The Term: The term "giclee print" connotes an elevation in printmaking technology. Images are generated from high resolution digital scans and printed with archival quality inks onto canvas. The giclee printing process provides better color accuracy than other means of reproduction. The artist then personally embellishes each individual print and and hand signs it, rendering a unique collectable work of art superior to a common mass-produced print.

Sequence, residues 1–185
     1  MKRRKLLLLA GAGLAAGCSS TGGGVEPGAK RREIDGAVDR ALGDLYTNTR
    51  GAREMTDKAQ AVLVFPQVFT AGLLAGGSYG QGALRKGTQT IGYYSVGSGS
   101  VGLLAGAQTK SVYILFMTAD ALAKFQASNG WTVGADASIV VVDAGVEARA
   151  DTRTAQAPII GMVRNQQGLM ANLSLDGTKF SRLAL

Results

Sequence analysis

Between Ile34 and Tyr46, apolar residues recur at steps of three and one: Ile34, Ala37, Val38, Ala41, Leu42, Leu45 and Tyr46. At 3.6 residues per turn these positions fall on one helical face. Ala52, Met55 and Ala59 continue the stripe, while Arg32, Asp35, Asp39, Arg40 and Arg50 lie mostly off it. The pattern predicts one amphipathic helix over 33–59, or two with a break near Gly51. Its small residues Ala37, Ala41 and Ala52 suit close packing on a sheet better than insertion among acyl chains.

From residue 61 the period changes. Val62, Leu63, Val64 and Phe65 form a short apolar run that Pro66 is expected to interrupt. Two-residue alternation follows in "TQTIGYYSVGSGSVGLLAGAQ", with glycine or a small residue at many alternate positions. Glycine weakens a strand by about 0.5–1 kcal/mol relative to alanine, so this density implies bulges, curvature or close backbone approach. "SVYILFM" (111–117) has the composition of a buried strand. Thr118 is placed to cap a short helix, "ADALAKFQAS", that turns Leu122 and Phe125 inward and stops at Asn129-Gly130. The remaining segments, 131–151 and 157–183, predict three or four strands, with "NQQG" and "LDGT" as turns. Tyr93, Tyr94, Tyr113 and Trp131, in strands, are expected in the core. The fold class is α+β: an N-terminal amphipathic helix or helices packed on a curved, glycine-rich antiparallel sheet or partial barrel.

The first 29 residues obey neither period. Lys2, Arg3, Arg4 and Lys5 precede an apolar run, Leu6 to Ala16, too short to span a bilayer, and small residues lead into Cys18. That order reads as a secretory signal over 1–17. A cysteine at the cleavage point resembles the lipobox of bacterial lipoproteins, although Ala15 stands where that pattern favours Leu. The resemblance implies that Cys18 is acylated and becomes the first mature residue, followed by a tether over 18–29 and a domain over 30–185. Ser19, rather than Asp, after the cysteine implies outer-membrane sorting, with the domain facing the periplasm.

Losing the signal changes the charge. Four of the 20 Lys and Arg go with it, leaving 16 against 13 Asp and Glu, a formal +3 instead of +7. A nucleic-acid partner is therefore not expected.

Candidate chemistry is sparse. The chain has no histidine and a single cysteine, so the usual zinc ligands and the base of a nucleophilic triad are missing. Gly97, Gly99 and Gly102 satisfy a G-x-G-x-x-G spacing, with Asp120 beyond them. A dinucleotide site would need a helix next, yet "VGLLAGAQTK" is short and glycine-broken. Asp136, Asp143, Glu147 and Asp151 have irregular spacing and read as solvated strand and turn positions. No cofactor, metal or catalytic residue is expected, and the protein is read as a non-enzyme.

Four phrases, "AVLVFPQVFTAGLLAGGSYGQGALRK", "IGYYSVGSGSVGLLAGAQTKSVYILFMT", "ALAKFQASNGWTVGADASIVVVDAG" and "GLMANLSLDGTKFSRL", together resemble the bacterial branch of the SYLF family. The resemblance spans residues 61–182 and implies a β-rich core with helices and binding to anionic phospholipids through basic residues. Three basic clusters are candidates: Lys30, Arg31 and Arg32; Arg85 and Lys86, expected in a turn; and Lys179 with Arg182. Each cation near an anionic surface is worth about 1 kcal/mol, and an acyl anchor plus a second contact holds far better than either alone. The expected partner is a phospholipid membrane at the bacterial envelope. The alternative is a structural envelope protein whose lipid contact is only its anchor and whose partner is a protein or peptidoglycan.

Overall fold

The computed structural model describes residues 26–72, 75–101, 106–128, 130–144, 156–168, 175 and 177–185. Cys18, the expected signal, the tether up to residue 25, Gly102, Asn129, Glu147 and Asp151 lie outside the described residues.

The Quality: The quality of the giclee print rivals traditional silver-halide and gelatin printing processes and is commonly found in museums, art galleries, and photographic galleries.
The Market: Numerous examples of giclee prints can be found in New York City at the Metropolitan Museum, the Museum of Modern Art, and the Chelsea Galleries. Recent auctions of giclee prints have fetched $10,800 for Annie Leibovitz, $9,600 for Chuck Close, and $22,800 for Wolfgang Tillmans (April 23/24 2004, Photographs, New York, Phillips de Pury & Company.)
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